UK tags IPOB as Terrorist Group, Excluded from Asylum

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Authorities in the United Kingdom have reportedly excluded members of the Indigenous People of Biafra (IPOB) and some other secessionists from seeking asylum in their country.

In its updated asylum policy published in May the UK explained that it took the decision as a result of the recent activities of IPOB members as reported in Nigeria.

The UK government said Nigerians could now claim asylum in the UK if they face “fear of persecution and/or serious harm by members of Boko Haram because of” their “actual or perceived opposition to the group”.

However, in its May 2022 policy update seen by TheCable, UKVI referred to IPOB as a terrorist organisation to be excluded from its asylum programme over alleged links to violence in the south-east.

“IPOB is proscribed as a terrorist group by the Nigerian government, and members of the group and its paramilitary wing – the Eastern Security Network (created in December 2020) – have reportedly committed human rights violations in Nigeria,” UKVI said in its policy notes.

It added that “MASSOB has been banned, but is not a proscribed terrorist group in Nigeria. It too has reportedly been involved in violent clashes with the authorities”.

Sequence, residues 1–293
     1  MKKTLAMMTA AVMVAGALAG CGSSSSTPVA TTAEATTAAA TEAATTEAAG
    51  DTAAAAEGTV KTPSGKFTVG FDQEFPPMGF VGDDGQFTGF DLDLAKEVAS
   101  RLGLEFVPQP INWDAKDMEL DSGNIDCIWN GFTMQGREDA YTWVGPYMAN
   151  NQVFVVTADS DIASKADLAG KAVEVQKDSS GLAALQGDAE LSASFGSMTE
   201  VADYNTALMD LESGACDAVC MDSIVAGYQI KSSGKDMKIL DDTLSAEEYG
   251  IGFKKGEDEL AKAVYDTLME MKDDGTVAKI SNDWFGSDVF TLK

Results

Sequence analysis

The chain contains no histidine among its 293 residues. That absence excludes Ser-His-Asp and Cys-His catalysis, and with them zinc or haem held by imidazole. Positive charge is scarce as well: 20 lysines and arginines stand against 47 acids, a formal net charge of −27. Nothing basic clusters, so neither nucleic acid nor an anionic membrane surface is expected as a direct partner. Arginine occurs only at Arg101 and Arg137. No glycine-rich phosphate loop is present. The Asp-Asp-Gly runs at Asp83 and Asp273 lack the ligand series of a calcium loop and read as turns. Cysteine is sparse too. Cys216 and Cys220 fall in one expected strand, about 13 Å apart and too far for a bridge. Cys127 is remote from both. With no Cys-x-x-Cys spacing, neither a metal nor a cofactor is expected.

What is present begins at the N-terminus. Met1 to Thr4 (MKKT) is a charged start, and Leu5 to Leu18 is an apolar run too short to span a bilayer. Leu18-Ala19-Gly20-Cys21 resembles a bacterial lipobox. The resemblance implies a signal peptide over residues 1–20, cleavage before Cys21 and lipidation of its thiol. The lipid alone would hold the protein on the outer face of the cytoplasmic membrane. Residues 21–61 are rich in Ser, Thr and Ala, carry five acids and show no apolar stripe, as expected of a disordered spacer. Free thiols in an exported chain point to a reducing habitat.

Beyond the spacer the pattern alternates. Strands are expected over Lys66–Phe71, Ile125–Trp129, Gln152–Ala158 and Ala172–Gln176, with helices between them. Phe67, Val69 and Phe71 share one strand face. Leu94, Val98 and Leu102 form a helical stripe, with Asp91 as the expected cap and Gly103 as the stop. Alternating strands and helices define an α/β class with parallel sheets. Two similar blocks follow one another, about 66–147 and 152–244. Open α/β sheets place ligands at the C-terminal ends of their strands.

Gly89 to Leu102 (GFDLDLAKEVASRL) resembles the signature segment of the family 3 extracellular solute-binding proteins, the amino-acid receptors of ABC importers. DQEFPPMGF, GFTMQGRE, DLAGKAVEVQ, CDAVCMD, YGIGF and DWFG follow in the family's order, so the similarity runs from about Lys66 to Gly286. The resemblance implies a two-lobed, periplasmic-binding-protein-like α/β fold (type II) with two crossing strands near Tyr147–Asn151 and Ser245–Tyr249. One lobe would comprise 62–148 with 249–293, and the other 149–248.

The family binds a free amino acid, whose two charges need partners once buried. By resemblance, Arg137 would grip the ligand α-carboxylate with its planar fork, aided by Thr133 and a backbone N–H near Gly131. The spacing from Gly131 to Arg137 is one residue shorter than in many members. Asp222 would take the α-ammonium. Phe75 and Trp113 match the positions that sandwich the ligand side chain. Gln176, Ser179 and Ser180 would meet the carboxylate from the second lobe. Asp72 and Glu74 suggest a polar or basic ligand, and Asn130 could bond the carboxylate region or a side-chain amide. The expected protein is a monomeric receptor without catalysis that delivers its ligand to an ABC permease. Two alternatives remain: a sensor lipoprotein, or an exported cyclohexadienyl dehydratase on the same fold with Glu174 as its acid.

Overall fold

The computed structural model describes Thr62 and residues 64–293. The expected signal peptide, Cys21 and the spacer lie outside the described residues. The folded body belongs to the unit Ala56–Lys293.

UKVI went on to tell its decision makers that “if a person has been involved with IPOB (and/or an affiliated group), MASSOB or any other ‘Biafran’ group that incites or uses violence to achieve its aims, decision makers must consider whether one (or more) of the exclusion clauses under the Refugee Convention is applicable.

“Persons who commit human rights violations must not be granted asylum,” the UK added.

The policy brief noted that anyone excluded in this manner is also “excluded from a grant of humanitarian protection”.

UKVI also advised that “decision makers must, however, still consider all claims on an individual basis, taking into account each case’s specific facts”.

Since the last update in July 2021, Nnamdi Kanu, leader of IPOB and a UK citizen, has been in the custody of the Nigerian government on the grounds of allegations, including treason.

In its 2022 new year message, the group said the Nigerian national anthem will no longer be sung across schools in the south-east.




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